- World of Tales - http://www.worldoftales.com/ 

 
           - Zalka Csenge Virag - http://multicoloreddiary.blogspot.com doesn't give the actual stories, but her recommendations, working her way through each country on a continent, give excellent ideas for finding new books and stories to love and tell.

     
You're going to find many of the links on these sites have gone down, BUT go to the Internet Archive Wayback Machine to find some of these old links.  Tim's site, for example, is so huge probably updating it would be a full-time job.  In the case of Story-Lovers, it's great that Jackie Baldwin set it up to stay online as long as it did after she could no longer maintain it.  Possibly searches maintained it.  Unfortunately Storytell list member, Papa Joe is on both Tim Sheppard's site and Story-Lovers, but he no longer maintains his old Papa Joe's Traveling Storytelling Show website and his Library (something you want to see!) is now only on the Wayback Machine.  It took some patience working back through claims of snapshots but finally in December of 2006 it appears!

    Somebody as of this writing whose stories can still be found by his website is the late Chuck Larkin - http://chucklarkin.com/stories.html.  I prefer to list these sites by their complete address so they can be found by the Wayback Machine, a.k.a. Archive.org, when that becomes the only way to find them.

You can see why I recommend these to you. 

Have fun discovering even more stories

Friday, September 2, 2022

Bigham - The Wonderful Secret - Keeping the Public in Public Domain

 This past week we lost Joanne Ladd, who for many years was known to many as Mother Goose. 

Please notice I didn't say we lost Mother Goose.  Joanne mentored so many Mothers Goose.  One of them, Trudy Bulkley, wrote the following for the In Memoriam page of MichiganStorytelling.org, which lists Michigan's events, organizations, and more.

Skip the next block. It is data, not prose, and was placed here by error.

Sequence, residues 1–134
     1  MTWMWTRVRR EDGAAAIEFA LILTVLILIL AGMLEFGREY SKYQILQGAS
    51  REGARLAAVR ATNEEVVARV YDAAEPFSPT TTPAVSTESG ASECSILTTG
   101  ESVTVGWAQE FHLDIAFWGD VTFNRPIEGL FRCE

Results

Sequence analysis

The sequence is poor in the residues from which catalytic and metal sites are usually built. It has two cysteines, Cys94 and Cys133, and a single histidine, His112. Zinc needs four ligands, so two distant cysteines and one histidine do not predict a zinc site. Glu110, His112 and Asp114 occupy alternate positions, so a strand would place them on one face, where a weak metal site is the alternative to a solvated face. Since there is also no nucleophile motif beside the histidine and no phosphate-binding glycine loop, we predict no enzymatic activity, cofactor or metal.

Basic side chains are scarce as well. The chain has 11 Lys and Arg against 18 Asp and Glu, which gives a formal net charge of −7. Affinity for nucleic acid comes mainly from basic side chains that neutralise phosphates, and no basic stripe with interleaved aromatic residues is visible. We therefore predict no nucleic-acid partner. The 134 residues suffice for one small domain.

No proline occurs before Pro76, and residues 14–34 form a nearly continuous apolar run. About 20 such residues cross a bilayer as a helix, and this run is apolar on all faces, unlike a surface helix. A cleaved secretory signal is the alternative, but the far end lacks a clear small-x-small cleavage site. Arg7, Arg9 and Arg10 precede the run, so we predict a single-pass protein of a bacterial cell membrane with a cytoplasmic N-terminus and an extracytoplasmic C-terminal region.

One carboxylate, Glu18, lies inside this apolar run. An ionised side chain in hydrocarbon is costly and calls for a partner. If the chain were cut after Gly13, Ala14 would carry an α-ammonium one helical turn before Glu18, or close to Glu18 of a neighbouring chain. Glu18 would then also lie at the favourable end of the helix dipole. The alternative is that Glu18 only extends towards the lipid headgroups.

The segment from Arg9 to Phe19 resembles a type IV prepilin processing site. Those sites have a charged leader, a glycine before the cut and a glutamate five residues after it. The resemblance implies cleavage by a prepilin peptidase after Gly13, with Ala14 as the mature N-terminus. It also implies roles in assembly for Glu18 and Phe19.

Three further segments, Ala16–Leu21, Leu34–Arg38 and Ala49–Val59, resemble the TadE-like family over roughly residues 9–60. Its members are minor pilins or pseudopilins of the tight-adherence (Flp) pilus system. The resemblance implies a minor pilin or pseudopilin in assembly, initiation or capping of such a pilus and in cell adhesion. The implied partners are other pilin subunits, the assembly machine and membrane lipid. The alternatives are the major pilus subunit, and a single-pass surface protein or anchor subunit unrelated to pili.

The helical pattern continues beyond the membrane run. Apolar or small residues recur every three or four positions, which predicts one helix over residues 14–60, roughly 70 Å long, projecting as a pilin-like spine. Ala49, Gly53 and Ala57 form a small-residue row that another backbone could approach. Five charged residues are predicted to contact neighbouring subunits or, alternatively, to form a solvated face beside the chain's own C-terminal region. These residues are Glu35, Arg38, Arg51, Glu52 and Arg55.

Joanne Ladd always loved books for children and rhymes to share. For countless children and families she was the REAL Mother Goose telling stories and reciting age-old nursery rhymes with love and laughter, assisted by a gentle Goose puppet.  She lived in Flint, Michigan; her other name was Joanne Ladd. She was welcoming and generous with all her experience and enthusiasm for the rhymes and the traditions. She edited a newsletter that brought other aspiring Mothers Goose together. This quintessential Mother Goose went to share stories and nursery rhymes beyond this earth, mid-August 2022.

This is why I can't say we lost Mother Goose for Joanne always did so much to share Mother Goose.  

Here on Storytelling + Research = LoiS I've also included stories from two wonderful Public Domain books that continue Mother Goose characters in appropriate situations.  Frank Baum, known best for the Wizard of Oz books also wrote a very unusual look at The Life and Adventures of Santa Claus, and Mother Goose in Prose, both of which have had stories here.  I almost posted another of his Mother Goose stories here, but decided on Madge Bigham's Stories of Mother Goose Village, which has also been posted here.  At the end of today's story I'll say a bit more, but Joanne would know that her audience is getting restless and dive right in to Mother Goose!




Many libraries nowadays are lending seed packets.  Perennial plants and wildflowers return after winter passes.  (I'm trying to find more wildflower seeds for a roadside entrance to my driveway!)  Similarly Mother Goose, and the love of her spread and nurtured by Joanne, will continue.  Surely that is the essence of Keeping the Public in Public Domain.

This is part of a series of postings of stories under the category, "Keeping the Public in Public Domain."  The idea behind Public Domain was to preserve our cultural heritage after the authors and their immediate heirs were compensated.  I feel strongly current copyright law delays this intent on works of the 20th century.  My own library of folklore includes so many books within the Public Domain I decided to share stories from them.  I hope you enjoy discovering new stories.